The woman who went against the norm – in the 4th century
She was the first woman astronomer, and the first woman to make a major contribution to the development of mathematics. But the achievements of Greek philosopher Hypatia were forgotten and buried under the ‘heroics’ of his-story.CONSTANCE SINGAM did some research into Hypatia and tells her story.
The movie Agora, which was screened in Singapore recently, is based on the life of the Greek philosopher Hypatia, a woman whose achievements were forgotten and buried under the ‘heroics’ of his-story. This denial of achievements happens especially to women whose world view and actions challenge dominant cultural norms and political powers
I had never heard of Hypatia and after the movie I did some research and discovered that she was not just a Hollywood fantasy but an actual person, and that in the 1970s the second wave feminists restored Hypatia to her rightful place in history. This is her story.
Hypatia was a woman of grace and eloquence, of beauty and wisdom who lived in the late 4th and early 5th centuries, a time of great change. She was the first woman to make a substantial contribution to the development of mathematics. She was also regarded as the first woman astronomer, an inventor, and a philosophy teacher who specialized in the works of Plato and Aristotle.
Hypatia’s father was Theon of Alexandria, who was a mathematics teacher at the Museum of Alexandria in Egypt. Hypatia became the head of the Neo-Platonist school of philosophy at Alexandria. Her eloquence combined with her remarkable intellectual gifts attracted a large number of pupils and she corresponded with and hosted scholars from other cities.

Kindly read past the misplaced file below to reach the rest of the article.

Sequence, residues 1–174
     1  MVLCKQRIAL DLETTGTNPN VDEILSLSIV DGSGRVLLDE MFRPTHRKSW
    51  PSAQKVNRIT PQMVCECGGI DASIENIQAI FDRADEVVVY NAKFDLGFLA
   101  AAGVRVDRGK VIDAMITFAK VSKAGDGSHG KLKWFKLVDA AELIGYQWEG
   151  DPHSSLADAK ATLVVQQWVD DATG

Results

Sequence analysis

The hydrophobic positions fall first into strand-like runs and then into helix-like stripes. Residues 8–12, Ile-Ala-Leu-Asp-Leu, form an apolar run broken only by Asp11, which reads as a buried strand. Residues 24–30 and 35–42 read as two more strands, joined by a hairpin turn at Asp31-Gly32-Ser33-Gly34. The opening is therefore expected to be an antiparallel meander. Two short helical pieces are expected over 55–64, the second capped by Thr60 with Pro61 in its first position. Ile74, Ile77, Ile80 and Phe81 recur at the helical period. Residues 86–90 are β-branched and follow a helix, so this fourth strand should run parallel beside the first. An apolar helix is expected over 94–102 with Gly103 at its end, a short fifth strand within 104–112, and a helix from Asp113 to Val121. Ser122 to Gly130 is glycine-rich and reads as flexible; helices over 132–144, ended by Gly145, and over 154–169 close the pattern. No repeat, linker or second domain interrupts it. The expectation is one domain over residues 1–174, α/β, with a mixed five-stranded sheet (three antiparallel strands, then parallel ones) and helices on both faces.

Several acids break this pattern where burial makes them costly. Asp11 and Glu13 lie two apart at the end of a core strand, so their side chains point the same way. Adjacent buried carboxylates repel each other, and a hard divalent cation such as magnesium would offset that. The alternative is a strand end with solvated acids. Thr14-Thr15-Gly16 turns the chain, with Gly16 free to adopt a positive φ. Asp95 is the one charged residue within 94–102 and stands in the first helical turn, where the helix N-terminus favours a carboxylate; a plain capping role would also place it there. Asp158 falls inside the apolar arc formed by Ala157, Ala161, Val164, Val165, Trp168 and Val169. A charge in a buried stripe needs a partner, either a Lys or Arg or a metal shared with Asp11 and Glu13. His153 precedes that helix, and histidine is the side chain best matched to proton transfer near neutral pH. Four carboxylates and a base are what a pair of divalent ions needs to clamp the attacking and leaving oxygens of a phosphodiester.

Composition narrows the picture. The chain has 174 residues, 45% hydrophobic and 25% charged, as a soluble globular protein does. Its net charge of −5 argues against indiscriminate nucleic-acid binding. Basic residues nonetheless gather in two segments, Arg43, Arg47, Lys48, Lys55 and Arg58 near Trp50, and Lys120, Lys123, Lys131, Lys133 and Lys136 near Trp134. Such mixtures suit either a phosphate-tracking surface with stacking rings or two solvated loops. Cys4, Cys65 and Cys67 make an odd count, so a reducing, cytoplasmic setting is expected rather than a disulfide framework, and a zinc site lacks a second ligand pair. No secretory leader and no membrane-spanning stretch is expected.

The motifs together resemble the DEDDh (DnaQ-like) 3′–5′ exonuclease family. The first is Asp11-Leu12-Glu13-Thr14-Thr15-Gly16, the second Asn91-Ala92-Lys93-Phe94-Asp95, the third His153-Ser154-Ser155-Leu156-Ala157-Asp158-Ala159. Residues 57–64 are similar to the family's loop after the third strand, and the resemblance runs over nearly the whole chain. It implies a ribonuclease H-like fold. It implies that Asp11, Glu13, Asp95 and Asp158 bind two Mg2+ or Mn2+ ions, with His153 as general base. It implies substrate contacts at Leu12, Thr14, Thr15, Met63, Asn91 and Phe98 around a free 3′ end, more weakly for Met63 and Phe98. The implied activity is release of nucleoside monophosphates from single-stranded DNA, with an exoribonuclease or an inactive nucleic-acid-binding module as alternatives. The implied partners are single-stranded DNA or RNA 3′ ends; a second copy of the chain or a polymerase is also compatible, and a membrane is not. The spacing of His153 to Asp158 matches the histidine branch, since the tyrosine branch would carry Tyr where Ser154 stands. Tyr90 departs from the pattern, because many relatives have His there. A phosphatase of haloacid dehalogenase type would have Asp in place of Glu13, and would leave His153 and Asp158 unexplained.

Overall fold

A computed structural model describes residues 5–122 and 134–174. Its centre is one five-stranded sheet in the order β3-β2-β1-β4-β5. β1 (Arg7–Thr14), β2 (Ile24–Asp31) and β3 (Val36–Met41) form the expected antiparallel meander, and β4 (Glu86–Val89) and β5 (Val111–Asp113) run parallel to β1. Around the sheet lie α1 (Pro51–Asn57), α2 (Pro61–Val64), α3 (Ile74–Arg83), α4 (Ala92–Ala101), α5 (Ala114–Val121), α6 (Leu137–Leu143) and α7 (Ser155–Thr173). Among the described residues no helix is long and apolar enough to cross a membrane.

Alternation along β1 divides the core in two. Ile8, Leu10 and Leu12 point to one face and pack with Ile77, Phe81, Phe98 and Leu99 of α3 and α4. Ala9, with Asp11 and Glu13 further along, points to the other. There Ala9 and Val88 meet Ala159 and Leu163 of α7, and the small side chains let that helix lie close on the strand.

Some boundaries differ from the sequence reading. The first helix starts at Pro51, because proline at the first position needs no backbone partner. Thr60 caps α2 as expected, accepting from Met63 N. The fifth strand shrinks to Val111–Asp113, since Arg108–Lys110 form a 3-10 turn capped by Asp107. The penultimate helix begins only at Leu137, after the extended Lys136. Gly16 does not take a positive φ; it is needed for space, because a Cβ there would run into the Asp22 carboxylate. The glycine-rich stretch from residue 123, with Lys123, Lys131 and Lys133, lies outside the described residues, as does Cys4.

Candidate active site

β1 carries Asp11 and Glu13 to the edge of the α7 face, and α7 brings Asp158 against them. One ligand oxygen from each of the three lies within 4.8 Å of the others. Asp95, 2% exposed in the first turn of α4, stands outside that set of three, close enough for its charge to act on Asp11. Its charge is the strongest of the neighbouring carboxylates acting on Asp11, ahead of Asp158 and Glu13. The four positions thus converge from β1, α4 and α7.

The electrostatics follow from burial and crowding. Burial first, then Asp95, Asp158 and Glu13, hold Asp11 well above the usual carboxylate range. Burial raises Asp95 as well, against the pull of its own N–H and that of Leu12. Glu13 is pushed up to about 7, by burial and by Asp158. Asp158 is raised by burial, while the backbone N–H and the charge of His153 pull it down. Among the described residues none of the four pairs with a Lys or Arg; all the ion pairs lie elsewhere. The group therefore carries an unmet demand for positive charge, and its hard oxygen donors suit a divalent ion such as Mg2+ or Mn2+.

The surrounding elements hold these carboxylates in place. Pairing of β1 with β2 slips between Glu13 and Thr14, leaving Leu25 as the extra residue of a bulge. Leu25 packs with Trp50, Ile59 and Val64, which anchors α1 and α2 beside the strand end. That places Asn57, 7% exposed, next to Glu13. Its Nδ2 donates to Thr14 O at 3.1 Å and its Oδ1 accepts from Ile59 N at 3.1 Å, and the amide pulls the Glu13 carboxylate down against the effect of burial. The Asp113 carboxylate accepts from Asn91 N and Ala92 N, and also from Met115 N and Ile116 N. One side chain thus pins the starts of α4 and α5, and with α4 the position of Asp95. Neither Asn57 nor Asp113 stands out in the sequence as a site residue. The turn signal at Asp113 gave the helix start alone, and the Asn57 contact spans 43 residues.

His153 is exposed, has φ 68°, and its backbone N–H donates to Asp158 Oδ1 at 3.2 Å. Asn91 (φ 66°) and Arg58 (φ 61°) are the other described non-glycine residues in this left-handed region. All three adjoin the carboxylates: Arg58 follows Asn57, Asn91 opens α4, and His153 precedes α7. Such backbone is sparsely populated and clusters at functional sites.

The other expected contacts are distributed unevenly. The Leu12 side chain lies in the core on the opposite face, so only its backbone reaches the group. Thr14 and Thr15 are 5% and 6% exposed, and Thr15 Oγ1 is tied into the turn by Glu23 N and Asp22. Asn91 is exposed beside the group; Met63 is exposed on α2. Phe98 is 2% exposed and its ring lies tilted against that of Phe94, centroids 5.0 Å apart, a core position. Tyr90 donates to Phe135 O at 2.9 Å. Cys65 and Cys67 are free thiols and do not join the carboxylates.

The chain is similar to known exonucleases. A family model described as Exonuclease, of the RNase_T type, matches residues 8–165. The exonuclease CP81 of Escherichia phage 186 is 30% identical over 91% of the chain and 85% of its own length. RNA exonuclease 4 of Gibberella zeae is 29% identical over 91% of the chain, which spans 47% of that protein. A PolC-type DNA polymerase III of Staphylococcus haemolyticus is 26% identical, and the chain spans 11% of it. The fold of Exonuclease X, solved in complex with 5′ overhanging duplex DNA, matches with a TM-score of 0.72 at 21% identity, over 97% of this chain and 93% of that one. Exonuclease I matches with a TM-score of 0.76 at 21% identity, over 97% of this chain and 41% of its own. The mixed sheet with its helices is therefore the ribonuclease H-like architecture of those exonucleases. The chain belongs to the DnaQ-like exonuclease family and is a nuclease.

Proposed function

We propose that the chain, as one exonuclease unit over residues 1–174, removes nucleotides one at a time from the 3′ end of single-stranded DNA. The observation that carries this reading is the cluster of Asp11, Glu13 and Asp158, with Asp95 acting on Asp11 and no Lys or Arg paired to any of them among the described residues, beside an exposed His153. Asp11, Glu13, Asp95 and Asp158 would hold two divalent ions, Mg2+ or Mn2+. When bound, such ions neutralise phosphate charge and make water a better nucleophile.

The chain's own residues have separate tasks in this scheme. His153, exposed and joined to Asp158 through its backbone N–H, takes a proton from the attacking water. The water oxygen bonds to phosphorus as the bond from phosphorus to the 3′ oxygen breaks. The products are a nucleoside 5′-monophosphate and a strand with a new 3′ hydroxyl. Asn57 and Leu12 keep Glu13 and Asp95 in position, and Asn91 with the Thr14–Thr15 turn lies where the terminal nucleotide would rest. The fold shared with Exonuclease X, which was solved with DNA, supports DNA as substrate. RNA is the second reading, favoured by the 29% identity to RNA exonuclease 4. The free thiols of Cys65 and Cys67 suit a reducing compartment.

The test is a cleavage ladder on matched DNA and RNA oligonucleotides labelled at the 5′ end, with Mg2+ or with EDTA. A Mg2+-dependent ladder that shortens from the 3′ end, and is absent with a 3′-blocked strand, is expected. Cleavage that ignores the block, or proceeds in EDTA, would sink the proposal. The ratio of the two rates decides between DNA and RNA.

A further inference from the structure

She became the salaried director of this school in 400AD. She wrote on mathematics, astronomy and philosophy, covering topics such as the motion of the planets, number theory and conic sections. From the little historical information about Hypatia that survives, it appears that she invented the plane astrolabe, the graduated brass hydrometer and the hydroscope, working with Synesius of Greece who was her student and later colleague.
Christianity was becoming a powerful force then and was trying to take control of pagan Alexandria. At that time Alexandria was a centre of Greek intellectual and cultural life, which included many independent schools and the great library of Alexandria where Hypatia was highly influential and a respected scholar and teacher. But it was the wrong place and time for a woman of Hypatia’s calibre as she got caught up in a power struggle between three very powerful men.
Like Hypatia, Orestes, the governor of Alexandria, was a pagan (non-Christian) and one of her students and admirers. Another of her students was Synesius of Cyrene, afterwards bishop of Ptolemais (c. 410) who often consulted her. It is through their letters, which still exist, that we are able to get some sense of her achievements and importance.
Orestes was an adversary of the new Christian bishop, Cyril, a future saint. Cyril objected to Hypatia on a number of counts: She represented heretical teachings, including experimental science and pagan religion. She was an associate of Orestes. And she was a woman, as far as Cyril and his fundamentalist followers were concerned, who didn’t know her place.
Hypatia dressed in the clothing of a scholar or teacher, rather than in women’s clothing. She moved about freely, driving her own chariot. This was not the norm for women then. She exerted considerable political influence in the city.
It was Cyril’s preaching against Hypatia, according to records, that incited a mob led by fanatical Christian monks in 415 to attack Hypatia as she drove her chariot through Alexandria. They dragged her from her chariot and, according to accounts from that time, stripped off her clothes, killed her, stripped her flesh from her bones, scattered her body parts through the streets, and burned some remaining parts of her body in the library of Caesareum. The movie was less graphic and a little kinder in its depiction of the murder.